Aramchol (arachidyl amido cholanoic acid; Galmed) is a conjugate of cholic acid and arachidic acid, and belongs to the synthetic fatty acid bile acid conjugates (FABACs) family. Aramchol inhibits the liver enzyme stearoyl-CoA desaturase 1 inhibitor (SCD1), and as a result fatty acid synthesis is reduced while fatty acid oxidation is increased. Additionally, Aramchol has hypocholesterolemic effects due to the upregulation of ATP-binding cassette transporter 1 (ABCA1). Ultimately, Aramchol causes incomplete SCD inhibition while also being anti-atherogenic.
Data from the Phase IIb ARREST study, which investigated the efficacy and safety of two doses of Aramchol in biopsy-confirmed non-alcoholic steatohepatitis (NASH) patients with obesity and diabetes, were mixed with a high degree of variability. Despite the lack of statistical significance, likely due to a small sample size, the positive trend in NASH resolution without worsening of fibrosis observed with the 600mg dose of Aramchol was deemed sufficient to initiate the Phase III ARMOR study using the 600mg dose. Significantly more patients in the 600mg group achieved a >5% reduction in absolute change from baseline in liver fat compared to placebo. However, there was a greater reduction in liver fat from baseline (the primary endpoint) in the 400mg group compared to the 600mg group. The inconsistent results indicate that there is substantial variability between the individual patient responses, which raises the question of the replicability of these results in the Phase III trial. If approved, Aramchol will likely experience greatest uptake in obese and type 2 diabetic patients, reflecting the characteristics of patients in the Phase IIb ARREST study. Though these co-morbidities often occur in NASH patients (diabetes = 44%; obesity = 48% in the US), it could restrict Aramchol to a subset of the NASH population. The exact details for the Phase III ARMOR trial have not been revealed, therefore it is unclear whether Galmed will attempt to expand Aramchol’s patient population beyond the groups enrolled in the ARREST study.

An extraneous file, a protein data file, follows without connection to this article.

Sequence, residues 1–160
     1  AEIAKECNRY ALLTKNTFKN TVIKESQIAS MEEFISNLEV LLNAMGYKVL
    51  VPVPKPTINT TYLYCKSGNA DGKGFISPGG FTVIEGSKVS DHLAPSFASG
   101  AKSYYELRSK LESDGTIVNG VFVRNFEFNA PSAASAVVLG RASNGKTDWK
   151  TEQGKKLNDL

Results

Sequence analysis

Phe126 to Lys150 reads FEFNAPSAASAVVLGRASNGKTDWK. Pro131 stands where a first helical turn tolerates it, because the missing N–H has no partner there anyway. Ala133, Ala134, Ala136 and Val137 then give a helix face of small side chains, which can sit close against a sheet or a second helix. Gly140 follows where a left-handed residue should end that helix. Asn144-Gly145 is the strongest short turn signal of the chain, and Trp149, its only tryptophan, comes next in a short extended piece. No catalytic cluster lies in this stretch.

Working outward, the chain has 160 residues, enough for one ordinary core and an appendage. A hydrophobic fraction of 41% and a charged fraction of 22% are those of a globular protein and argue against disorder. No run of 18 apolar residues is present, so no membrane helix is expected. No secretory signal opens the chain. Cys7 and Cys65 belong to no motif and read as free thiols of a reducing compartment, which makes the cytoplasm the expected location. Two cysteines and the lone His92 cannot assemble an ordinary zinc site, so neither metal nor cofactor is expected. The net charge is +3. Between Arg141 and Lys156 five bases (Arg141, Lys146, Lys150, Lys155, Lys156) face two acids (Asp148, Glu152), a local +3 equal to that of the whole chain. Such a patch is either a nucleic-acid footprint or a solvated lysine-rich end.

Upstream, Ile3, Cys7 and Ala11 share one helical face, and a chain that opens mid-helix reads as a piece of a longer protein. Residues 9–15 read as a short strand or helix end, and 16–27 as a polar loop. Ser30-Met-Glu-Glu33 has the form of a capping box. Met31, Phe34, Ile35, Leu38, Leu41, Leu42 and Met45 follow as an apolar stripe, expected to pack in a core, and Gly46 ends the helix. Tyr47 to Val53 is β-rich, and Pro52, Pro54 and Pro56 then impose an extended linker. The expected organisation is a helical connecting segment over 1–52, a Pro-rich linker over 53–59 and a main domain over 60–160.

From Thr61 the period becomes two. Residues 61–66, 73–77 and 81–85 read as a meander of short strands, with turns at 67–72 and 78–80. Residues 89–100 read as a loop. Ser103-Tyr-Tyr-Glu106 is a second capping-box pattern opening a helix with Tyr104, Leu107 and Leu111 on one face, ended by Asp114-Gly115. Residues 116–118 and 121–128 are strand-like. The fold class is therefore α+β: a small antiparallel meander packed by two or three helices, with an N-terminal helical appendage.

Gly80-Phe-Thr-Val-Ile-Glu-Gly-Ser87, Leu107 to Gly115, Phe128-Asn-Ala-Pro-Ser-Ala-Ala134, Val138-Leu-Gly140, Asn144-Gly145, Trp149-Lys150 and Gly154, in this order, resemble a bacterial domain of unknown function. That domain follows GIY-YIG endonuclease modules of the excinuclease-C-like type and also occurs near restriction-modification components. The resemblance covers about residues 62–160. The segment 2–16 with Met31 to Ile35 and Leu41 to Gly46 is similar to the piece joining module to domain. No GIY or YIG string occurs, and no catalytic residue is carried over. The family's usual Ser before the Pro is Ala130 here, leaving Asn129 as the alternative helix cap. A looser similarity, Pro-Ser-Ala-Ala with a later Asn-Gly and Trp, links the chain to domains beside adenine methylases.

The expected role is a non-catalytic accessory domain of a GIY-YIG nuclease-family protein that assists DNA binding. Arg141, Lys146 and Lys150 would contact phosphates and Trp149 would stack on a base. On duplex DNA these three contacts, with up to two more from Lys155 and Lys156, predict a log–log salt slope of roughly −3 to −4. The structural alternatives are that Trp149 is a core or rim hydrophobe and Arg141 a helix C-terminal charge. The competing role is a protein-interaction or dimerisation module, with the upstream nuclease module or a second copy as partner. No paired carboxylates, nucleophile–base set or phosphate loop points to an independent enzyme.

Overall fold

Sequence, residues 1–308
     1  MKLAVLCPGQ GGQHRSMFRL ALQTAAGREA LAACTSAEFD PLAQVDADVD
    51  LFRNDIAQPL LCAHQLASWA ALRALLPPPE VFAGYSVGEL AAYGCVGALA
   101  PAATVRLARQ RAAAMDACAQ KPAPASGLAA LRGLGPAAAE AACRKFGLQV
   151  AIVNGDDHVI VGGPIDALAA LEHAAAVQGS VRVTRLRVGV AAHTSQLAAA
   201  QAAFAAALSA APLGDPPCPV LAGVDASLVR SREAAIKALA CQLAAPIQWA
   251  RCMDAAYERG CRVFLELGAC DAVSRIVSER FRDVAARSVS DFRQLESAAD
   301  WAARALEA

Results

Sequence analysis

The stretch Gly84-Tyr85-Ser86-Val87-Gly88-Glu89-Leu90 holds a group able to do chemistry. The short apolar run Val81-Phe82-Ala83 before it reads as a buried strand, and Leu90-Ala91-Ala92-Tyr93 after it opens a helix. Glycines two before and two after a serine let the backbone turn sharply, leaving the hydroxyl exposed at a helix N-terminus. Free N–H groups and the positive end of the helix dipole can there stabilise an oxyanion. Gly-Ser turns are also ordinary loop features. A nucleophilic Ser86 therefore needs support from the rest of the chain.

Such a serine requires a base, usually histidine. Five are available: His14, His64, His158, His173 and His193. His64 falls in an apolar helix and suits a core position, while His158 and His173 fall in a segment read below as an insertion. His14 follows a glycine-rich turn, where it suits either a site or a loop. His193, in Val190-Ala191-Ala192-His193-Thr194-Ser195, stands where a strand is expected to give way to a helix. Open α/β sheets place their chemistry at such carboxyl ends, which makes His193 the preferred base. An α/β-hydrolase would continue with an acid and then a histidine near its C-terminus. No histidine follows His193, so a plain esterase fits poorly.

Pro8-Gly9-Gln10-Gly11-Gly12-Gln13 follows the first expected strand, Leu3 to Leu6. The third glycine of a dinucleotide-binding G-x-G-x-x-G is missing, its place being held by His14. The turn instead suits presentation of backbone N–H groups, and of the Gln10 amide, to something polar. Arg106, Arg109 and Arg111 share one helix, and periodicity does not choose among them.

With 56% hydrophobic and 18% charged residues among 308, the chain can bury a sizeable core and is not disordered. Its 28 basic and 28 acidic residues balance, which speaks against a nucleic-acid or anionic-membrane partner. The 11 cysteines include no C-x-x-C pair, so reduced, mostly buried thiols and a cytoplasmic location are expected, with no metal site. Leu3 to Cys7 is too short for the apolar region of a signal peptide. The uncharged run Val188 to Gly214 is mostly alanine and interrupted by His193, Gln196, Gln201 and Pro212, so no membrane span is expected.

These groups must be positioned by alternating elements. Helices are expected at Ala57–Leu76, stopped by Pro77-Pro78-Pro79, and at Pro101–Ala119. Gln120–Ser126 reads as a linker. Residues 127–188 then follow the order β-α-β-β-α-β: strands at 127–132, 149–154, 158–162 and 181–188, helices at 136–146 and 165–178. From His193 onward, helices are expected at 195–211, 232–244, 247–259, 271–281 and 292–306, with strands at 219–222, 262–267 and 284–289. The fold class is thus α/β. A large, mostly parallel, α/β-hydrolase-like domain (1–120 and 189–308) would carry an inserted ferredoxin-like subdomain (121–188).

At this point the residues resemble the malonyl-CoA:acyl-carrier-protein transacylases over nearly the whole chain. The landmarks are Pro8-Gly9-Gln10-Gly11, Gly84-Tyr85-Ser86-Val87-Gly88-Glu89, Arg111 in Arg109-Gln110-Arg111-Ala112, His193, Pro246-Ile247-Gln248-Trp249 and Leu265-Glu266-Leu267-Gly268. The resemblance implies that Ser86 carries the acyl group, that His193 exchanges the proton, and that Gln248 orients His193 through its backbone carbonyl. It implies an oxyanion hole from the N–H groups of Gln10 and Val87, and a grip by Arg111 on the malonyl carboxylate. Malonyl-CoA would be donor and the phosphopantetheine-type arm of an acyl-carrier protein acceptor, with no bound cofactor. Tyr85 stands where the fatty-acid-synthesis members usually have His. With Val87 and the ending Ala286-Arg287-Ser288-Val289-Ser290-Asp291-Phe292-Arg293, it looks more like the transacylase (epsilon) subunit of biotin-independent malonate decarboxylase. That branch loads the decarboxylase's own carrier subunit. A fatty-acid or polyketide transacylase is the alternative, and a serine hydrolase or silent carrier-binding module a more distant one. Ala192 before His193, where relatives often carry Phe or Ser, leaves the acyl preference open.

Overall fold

LIST OF FIGURES
10 Figure 1: Datamonitor Healthcare’s drug assessment summary of Aramchol for NASH
11 Figure 2: Datamonitor Healthcare’s drug assessment summary of Aramchol for NASH
13 Figure 3: Aramchol sales for NASH across the US and five major EU markets, by country, 2018–27
LIST OF TABLES
6 Table 1: Aramchol drug profile
8 Table 2: Late-phase trials of Aramchol for NASH
9 Table 3: Aramchol for NASH – SWOT analysis
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